John Knox House
and other buildings in the Royal Mile, Edinburgh
When might this photo have been taken?
Reproduced with acknowledgement to
Tom Yanul, Oak
Lawn, Illinois, USA
Knox House and Moubray
Royal Mile, Edinburgh
to Tom Yanul for allowing me to reproduce this photograph of:
- John Knox House (the house in the centre
of this photo that juts out into the Royal Mile)
- Moubray House (the house immediately to
the left of John Knox House).
Date of the Photo?
believe this photo may date from the mid- to late-C19. The movement
captured in the figures suggests that this was a fairly long
wording on the roof of Moubray House, and the wording on the frontage of
the house ('Knox Temperance Hotel') may be helpful in dating the
can suggest a date,
please email me.
Thank you. - Peter Stubbs:
April 7, 2008.
Thank you to Dr Alfred Grandl, Germany who wrote:
"The photo must have been shot
after 1858 surely, since an old travel report of those days says, that in
summer 1858 there was still a puppet at the corner of the Knox House
featuring the preacher himself.
of the engravings of John Knox House on the EdinPhoto web site show this
Perhaps 1880s or later
"On the photo below, you can see
a later relief figure, in rather poor condition. So I think this
photo would have been shot at least 20 or 30 years after 1858."
Dr Alfred Grandl, Germany: April 15, 2008
Thank you to Jay Ell for telling me about other buildings in the Royal
Mile, near Jay Knox House. They are the tenements at Paisley
Close that collapsed in 1861.
Jay is a descendant of the Bruce family, mentioned in the death column
for this collapse. Jay tells me that his great grandfather and his
brother escaped the tragedy.
"Paisley Close, at 99-103 High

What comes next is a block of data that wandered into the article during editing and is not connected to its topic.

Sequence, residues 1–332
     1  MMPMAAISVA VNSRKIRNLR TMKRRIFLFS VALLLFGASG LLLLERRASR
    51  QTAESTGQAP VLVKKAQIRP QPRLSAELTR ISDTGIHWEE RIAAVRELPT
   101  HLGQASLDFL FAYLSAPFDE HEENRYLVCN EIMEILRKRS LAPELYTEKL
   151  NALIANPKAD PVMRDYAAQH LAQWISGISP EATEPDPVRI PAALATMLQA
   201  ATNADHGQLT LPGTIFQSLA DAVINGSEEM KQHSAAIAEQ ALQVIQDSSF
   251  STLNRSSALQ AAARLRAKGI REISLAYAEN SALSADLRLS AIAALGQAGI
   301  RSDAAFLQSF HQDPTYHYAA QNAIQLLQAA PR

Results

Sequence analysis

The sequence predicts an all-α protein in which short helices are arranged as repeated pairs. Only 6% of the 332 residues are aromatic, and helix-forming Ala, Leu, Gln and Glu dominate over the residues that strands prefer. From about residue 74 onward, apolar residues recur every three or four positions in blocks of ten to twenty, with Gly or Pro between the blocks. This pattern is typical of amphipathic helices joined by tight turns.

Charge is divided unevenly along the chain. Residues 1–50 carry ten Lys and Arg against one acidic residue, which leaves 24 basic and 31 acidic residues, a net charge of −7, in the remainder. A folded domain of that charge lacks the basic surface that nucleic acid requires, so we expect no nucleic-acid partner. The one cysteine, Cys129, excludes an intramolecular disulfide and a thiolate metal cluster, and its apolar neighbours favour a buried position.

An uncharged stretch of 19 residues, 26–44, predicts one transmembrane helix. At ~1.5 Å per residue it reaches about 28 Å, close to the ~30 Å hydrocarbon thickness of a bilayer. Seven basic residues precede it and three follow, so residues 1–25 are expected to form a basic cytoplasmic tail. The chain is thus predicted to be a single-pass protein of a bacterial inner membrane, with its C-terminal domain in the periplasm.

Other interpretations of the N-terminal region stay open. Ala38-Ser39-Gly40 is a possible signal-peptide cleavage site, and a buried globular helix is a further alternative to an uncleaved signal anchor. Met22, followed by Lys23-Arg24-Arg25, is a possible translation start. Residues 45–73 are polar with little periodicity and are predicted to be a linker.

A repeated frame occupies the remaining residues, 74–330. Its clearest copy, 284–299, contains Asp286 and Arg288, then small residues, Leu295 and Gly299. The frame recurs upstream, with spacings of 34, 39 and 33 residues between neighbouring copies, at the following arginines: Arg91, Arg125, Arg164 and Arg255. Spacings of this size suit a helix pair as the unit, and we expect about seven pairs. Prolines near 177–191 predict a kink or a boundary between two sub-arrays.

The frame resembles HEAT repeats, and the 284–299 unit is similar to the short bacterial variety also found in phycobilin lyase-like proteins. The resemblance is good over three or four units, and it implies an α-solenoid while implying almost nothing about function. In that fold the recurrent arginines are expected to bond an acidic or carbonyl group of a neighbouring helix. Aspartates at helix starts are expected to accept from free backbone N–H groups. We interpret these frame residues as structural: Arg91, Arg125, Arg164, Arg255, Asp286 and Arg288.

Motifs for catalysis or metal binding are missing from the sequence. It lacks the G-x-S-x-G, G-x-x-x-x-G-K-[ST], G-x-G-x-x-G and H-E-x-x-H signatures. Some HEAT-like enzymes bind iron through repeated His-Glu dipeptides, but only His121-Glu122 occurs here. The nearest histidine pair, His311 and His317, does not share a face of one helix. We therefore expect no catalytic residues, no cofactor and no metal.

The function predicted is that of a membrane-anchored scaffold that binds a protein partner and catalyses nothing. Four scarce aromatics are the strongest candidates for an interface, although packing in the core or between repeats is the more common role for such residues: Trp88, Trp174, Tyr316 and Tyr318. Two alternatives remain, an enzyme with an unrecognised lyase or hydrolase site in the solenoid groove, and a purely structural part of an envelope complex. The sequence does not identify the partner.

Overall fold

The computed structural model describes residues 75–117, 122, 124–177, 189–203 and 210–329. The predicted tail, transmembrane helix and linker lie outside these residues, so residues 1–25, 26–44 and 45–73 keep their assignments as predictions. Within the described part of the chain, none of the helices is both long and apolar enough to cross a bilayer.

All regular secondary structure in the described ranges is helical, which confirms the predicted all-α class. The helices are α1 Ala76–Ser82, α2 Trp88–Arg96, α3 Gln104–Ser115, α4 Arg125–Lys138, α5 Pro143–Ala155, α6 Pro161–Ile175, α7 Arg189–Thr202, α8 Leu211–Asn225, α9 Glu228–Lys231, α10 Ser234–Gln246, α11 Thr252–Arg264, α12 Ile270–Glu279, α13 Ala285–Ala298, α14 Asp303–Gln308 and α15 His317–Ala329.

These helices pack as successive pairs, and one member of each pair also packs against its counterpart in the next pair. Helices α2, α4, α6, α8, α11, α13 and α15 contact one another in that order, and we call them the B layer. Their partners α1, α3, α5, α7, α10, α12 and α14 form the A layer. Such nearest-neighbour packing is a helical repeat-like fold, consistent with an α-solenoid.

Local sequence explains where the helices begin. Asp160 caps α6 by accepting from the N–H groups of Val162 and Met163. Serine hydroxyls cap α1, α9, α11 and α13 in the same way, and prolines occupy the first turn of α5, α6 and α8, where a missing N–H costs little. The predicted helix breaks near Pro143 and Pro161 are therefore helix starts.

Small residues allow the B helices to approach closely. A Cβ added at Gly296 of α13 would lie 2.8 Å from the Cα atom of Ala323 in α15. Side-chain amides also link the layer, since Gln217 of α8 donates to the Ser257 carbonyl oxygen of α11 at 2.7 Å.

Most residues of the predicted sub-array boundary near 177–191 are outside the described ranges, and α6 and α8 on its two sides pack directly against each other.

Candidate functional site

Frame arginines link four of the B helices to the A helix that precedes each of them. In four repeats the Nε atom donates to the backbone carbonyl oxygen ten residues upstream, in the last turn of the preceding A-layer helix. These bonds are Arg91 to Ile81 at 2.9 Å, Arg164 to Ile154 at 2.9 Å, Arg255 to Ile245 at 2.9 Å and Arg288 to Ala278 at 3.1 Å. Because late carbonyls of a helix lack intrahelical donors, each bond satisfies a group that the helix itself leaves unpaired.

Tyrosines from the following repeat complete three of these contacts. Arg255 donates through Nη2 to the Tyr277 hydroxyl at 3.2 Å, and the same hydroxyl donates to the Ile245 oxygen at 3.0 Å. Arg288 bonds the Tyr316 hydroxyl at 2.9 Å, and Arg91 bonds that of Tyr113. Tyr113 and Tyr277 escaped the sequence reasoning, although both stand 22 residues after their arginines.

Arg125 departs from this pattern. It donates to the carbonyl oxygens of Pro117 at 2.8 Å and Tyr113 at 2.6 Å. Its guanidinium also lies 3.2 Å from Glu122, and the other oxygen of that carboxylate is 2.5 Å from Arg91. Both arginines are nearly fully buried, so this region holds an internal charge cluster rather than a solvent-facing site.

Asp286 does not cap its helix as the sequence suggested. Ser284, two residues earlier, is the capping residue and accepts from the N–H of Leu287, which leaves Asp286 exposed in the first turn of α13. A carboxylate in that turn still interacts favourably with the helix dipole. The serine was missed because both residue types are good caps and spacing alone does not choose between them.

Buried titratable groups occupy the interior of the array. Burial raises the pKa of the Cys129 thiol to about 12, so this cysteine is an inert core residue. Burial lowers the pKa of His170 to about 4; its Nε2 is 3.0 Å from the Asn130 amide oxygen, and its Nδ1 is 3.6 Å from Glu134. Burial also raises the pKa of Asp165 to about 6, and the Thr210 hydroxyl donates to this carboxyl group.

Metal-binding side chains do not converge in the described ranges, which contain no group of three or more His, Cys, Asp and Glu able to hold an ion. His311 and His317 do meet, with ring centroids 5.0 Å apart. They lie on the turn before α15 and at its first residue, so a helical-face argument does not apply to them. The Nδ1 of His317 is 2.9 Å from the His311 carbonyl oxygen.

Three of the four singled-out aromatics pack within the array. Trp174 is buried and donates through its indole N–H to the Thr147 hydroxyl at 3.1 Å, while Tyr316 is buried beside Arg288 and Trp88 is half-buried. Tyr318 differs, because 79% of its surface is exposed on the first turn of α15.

Street, lies on the same side of the road as John Knox House, but is a
little further up the Royal Mile. The 250-year-old houses at Paisley
Close collapsed on November 24, 1861.
Thirty-five of the occupants
died, but as the debris was being cleared away a young lad was heard to
shout from within the collapsed building: 'Heave awa' lads, I'm no' deid
The memorial inscription above
Paisley Close, which was built on place of the collapsed houses, has a
more anglicised, middle-class interpretation of what was said: 'Heave awa'
chaps, I'm no dead yet'.
This tragedy (and the
overcrowding which was prevalent at the time) resulted in a Medical
Officer of Health being appointed in Edinburgh for the first time."
Jay Ell: January 16 +23. 2011
Thank you to Siobhan
Wildman who wrote:
Paintings of John Knox House
"I came across your photo above, as I
had been looking at three paintings of John Knox' House between
around 1861 and 1877 (if I've understood it correctly) by Louise
Dudley Mall web site gives
details of the dates of these three paintings. It also
states that house No.35 was demolished to make way for the church,
which is in your picture.
Dudley Mall web site
also give details about the Temperance House. I don't know
if this website would help you in finding the date of your
interesting photograph. I hope it helps.
Siobhan Wildman, Overton, Hampshire,
England: 22 January,
Thank you, Siobhan, for sending me the link to the
Dudley Mall web site. that site has some interesting
comments about some of the buildings in Edinburgh Old Town, not
just John Knox House.
Peter Stubbs, Edinburgh: 22